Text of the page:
Despite its name this day-flying moth has been extinct in England since 1927, but survives at a single site on a very remote area on the west coast of Scotland. Conservation efforts focused on excluding sheep from the site by fencing have been extremely successful, resulting in the population increasing from a low of 20 in the 1990s to a peak of around 12,500 in 2012. However, in the winter season of 2014/2015 the fence surrounding the site was breached by land-slips and falling boulders that enabled sheep access to the colony. In the summer of 2015 emergency fence repairs were undertaken by volunteers from BC Scotland’s Highland Branch and the sheep again excluded, only for further damage to the fence and ingress of sheep the following winter. The original fence was in very poor state with many loose and broken posts, snapped and brittle wires and it was deemed no longer viable to continue with further maintenance and repairs. In October 2017, a new perimeter fence was installed by a local contractor that should exclude sheep for the next twenty-five years. Given the site’s remoteness and steep terrain all materials had to be transported to site by helicopter. The new fence was erected on the inside of the existing one in the hope that it will provide some protection by catching debris from any future landslips.
Moth numbers increased in 2017 after two very poor seasons due to the ingress of sheep and inclement weather but very encouragingly monitoring in 2018 resulted in the highest count since 2013. Volunteers also assisted with a successful caterpillar survey, the first time that this has been undertaken and ongoing vegetation monitoring to help determine and understand the moth’s preferred habitat. These data are currently being analysed.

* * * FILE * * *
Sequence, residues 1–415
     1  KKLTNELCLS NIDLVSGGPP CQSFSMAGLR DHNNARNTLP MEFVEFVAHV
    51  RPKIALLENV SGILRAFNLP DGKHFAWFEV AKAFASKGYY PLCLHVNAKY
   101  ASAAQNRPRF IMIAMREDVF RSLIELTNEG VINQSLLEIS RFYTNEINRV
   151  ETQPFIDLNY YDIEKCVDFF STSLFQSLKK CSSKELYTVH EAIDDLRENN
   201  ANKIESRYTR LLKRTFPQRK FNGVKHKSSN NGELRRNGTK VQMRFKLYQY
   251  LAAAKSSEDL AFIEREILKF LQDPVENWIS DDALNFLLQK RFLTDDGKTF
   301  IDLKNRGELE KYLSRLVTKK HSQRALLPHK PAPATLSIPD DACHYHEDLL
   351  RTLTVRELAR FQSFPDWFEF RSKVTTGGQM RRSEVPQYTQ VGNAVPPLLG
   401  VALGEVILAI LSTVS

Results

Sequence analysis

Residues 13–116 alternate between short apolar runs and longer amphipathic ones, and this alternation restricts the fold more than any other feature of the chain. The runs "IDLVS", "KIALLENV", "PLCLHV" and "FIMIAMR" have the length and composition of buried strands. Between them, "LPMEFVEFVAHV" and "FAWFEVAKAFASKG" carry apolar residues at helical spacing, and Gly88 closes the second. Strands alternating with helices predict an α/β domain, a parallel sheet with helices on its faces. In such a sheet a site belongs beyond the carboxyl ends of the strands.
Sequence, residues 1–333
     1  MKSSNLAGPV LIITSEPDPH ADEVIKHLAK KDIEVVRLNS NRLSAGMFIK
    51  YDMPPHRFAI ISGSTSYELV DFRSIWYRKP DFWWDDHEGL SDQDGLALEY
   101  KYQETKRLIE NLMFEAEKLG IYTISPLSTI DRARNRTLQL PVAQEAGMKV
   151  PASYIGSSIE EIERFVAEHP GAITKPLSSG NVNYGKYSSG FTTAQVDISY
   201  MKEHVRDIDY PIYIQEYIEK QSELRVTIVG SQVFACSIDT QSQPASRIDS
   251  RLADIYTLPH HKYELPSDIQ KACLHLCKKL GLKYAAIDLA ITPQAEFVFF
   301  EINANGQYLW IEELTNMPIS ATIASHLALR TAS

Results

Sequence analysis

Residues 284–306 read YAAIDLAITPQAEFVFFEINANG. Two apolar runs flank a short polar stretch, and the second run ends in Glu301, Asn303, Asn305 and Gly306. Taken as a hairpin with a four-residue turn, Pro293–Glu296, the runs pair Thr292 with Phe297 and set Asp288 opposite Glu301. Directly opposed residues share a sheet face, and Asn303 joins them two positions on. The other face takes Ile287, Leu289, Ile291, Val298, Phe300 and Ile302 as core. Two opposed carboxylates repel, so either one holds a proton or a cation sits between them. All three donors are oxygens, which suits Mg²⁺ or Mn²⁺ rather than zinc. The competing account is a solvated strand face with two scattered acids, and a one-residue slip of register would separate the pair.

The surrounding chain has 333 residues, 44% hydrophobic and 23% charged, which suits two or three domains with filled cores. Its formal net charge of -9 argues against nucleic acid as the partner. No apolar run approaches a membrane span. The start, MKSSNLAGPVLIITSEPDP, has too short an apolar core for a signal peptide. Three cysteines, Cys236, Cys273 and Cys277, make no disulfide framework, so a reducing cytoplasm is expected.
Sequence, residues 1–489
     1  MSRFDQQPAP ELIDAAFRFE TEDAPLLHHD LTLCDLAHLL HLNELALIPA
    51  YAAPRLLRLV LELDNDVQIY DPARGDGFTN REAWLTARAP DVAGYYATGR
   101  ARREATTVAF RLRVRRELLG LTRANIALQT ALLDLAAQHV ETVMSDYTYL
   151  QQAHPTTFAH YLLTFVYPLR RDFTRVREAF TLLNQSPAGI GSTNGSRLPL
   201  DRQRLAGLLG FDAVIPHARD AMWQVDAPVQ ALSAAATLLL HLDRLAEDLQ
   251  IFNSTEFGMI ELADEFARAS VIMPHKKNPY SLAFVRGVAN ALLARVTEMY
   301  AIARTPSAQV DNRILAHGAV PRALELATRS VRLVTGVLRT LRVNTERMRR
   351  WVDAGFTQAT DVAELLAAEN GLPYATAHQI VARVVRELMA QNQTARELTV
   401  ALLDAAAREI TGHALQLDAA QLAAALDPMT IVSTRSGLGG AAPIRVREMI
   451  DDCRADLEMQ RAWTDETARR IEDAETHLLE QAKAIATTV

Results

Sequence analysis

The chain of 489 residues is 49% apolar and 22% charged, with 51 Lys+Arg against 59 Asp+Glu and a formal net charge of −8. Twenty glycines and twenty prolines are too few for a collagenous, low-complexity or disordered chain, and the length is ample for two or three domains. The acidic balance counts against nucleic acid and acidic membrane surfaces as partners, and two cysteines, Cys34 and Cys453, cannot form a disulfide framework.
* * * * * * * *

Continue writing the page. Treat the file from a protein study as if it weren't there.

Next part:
Kentish Glory Endromis versicolora
Despite its name the beautiful Kentish Glory is only found in the Cairngorms and Moray having become extinct from several English counties due to declines of the moth’s favoured ephemeral woodland habitat; short birch trees. The moth is also vulnerable due to its low powers of dispersal, few records away from two or three core sites, habitat fragmentation and resulting isolation of populations. Its steady decline leading to its extinction across several counties in England highlights its vulnerability.
Kentish Glory has become less common at one of its former strongholds just north of Aviemore, leading to concerns about its continued presence. BCS has been working closely with the landowner and are due to restructure the woodland and restrict grazing using temporary exclosures starting in the 2018/19 winter. The colonisation of the moth into newly created habitat will be monitored to help determine its success and powers of dispersal. Lessons learnt at this site will be valuable and provide confidence that similar management will succeed elsewhere. It will also enhance the site’s population allowing it to spread to adjoining areas.
The development of a pheromone lure, through collaboration with Canterbury Christchurch University, has been trialled by volunteers since 2016. This has resulted in the discovery of several new colonies and confirmation of its continued existence at other sites where it had not been seen for many years. A volunteer project also looked at the moth’s dispersal by catching, marking and recapturing individuals, using the lures. Further work is planned to enhance the pheromone as well as undertake further studies.
Dark Bordered Beauty Epione vespertaria
This very rare moth is associated with young aspen suckers and occurs at three locations in Scotland (and just one in England). Its populations are primarily monitored by volunteers. The fortunes of this moth are overseen by the Dark Bordered Beauty Steering Group, which is comprised of individuals and organisations including NatureScot, BCS, RSPB and Coille Alba. Habitat management including: coppicing taller aspen and scrub and the erection of temporary and/or permanent fencing to exclude livestock and deer been undertaken at most extant sites. The moth population has responded well at some sites but not at others, raising concerns over the lack of detailed knowledge of the moth’s ecological requirements, particularly at the caterpillar stage. To this end NatureScot have recently appointed a graduate placement to look into the ecology of this species, and assist with its annual monitoring.